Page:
Adult indoor cats fall into two categories for which vaccines they might need. For adult cats that have never been vaccinated, they generally get primary vaccines (just as a kitten would), along with a single booster 3–4 weeks later. The reason for this booster is that a single vaccine for herpes, calcicivirus, and panleukopenia may not be fully effective—therefore, a second vaccine provides a bit more protection. Rabies, on the other hand, produces good results after a single vaccine, making a single vaccine sufficient.

For adult cats that received their primary course as kittens, they generally receive boosters either annually or triennially, depending on the vaccine, how much time they spend outside or boarding with other cats, as well as their age.


What Are The Minimum Vaccines My Indoor Cat Needs?

cat getting a shot from a vet
Image Credit: Kachalkina Veronika, Shutterstock

Once they are an adult, an indoor-only cat that lives in an area without rabies may only need the following vaccines:

The above may be given every three years, for some low risk cats. However, it is always a discussion to have with your veterinarian, to determine what vaccines, and what vaccine schedule, your cat needs.

Are There Instances Where A Cat Vaccine Schedule Might Change?

There are certain instances in which a cat may be deemed not healthy enough to receive a vaccine. Alternately, it might be too early for them to receive a vaccine. A veterinarian may choose to delay vaccination of a cat for the following reasons:

  • Weight loss
  • Not eating
  • Urinary tract infection
  • Upper respiratory infection
  • Vomiting
  • Diarrhea
  • Too soon from last vaccine

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Frequently Asked Questions (FAQs)

What are possible vaccine side effects?

Veterinarian at vet clinic giving injection to cat
Image Credit: Tom Wang, Shutterstock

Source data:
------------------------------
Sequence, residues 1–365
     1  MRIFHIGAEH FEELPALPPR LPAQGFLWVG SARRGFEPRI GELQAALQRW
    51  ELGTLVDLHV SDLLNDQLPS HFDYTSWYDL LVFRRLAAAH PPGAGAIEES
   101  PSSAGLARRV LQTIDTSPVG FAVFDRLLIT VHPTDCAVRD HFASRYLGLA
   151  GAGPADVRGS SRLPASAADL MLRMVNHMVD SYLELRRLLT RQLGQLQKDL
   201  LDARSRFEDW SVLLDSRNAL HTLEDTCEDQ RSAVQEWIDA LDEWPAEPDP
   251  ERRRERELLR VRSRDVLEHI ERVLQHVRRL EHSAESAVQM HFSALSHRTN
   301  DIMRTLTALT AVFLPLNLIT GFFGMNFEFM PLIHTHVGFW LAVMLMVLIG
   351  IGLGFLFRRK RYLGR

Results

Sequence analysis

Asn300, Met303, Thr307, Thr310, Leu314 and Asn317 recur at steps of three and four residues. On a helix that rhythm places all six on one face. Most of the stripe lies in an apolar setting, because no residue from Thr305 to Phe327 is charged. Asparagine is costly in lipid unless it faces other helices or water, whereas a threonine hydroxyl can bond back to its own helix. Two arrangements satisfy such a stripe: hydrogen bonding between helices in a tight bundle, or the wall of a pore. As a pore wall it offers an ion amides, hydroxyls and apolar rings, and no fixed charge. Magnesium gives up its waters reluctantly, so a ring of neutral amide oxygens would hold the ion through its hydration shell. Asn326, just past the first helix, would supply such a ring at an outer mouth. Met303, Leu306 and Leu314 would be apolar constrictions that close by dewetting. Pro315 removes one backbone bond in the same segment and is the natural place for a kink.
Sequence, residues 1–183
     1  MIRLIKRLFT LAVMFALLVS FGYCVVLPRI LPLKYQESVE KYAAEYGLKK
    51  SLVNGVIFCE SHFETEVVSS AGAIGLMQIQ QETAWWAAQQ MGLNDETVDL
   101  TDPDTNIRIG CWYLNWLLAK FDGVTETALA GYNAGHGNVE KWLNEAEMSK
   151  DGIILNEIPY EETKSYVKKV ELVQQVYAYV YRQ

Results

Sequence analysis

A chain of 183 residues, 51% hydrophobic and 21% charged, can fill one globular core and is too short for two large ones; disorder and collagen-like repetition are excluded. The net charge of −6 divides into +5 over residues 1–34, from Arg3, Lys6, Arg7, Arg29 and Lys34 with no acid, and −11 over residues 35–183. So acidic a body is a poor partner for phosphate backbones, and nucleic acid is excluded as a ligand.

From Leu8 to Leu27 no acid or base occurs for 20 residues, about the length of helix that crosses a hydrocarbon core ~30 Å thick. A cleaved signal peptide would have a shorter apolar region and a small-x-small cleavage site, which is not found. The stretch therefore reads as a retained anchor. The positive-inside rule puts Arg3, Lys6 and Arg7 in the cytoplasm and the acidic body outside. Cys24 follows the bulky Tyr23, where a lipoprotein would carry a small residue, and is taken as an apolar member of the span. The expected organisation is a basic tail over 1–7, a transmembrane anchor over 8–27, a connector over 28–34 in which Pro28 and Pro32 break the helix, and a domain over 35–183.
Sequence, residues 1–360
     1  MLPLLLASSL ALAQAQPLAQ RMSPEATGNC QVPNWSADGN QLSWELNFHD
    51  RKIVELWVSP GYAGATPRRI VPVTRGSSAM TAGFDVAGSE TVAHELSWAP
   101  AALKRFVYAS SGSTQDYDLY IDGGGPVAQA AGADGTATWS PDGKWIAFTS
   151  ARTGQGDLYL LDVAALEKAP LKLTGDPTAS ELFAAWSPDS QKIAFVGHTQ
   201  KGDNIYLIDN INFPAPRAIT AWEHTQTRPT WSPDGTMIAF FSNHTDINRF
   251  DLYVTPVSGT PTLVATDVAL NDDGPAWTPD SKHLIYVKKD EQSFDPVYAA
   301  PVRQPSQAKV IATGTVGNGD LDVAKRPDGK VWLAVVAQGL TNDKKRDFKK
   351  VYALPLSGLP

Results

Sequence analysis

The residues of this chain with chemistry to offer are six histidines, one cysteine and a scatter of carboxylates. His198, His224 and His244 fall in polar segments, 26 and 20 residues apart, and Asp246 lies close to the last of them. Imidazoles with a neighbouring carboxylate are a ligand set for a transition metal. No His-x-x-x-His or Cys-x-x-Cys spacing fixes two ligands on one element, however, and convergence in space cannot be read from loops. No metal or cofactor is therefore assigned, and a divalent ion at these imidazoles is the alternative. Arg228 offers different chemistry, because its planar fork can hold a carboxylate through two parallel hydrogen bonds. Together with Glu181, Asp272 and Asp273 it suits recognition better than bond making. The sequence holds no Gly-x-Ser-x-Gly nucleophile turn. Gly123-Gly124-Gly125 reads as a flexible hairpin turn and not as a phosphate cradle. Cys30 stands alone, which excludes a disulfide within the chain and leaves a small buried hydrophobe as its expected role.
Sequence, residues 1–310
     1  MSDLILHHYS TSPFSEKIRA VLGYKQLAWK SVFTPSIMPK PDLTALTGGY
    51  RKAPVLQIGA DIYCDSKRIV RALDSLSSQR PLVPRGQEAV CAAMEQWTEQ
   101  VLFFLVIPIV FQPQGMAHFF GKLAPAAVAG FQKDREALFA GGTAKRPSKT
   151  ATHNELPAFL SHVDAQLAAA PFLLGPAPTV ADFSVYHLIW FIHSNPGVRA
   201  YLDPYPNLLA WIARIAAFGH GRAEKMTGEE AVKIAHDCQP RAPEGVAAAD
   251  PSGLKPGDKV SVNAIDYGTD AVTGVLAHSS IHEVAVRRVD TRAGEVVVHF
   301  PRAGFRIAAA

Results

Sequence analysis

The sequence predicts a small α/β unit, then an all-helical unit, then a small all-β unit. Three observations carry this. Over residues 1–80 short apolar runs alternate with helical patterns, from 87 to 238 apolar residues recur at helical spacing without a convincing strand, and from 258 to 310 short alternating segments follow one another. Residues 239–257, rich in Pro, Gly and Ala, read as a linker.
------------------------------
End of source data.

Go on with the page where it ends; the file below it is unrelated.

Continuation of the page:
Vaccines, as with any medication, can have potential side effects. One of the more well-known side effects, particularly in cats, is called a vaccine-associated fibrosarcoma. Fibrosarcomas are a cancer that forms from the cells forming the connective tissue layer under the skin. There is strong evidence to suggest that a combination of genetics, and certain vaccines, and vaccine adjuvants, can lead to the formation of these cancers in cats.

Many of these vaccines are now made in a different manner, to not contain adjuvants, and most vaccines in cats are also now given in specific locations of the body—so that if one of these cancers occurs, the vaccine that may have played a role can be identified.

Some common side effect for vaccines in cats include lethargy, vomiting, and diarrhea. Cats rarely develop anaphylaxis, or life-threatening allergic reactions to vaccines, facial swelling, hives, the same way many other species are prone to developing. If your cat does experience any reactions to a vaccine, report it to your vet, as the way your cat is vaccinated may need to be adjusted, moving forward.

How are vaccines given?

Most vaccines for cats are injections given under the skin, and are generally about 1 ml in volume. Other forms of vaccines include nasal drops and transdermal vaccines, but these are uncommonly encountered.

My cat is late for their vaccine. Does that change the schedule?

It depends. If your cat is a day or two late, or even a week late, for their annual booster, it is generally not a problem. If your cat is more than a week or two late for their primary course booster, they may need an additional booster vaccine.

Is my cat too old for vaccines?

In general, veterinarians no longer consider cats “too old” for most things. Sometimes, senior cats need the immunity provided from vaccines far more than adult cats. Discuss what risk factors exist for your senior cat—such as time spent outside,  boarding around other cats and dogs, and any medical conditions—with your veterinarian, to determine which vaccines they recommend, and how often.

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Vaccination in indoor cats is an important part of preventing serious illness, and keeping our furry friends healthy. Vaccines are not just something done once when they are kittens, they are a part of a lifelong health plan for your cat.

Featured Image Credit: Africa Studio, Shutterstock

About the Author

Dr. Lauren Demos (Vet)
Dr. Lauren Demos (Vet)
Dr. Lauren has worked in all aspects of the veterinary field throughout her career and therefore she has a deep understanding of animals. Since graduating from veterinary school, Lauren has worked in multiple countries, fostered many animals, and volunteered her time to help pets and vets alike.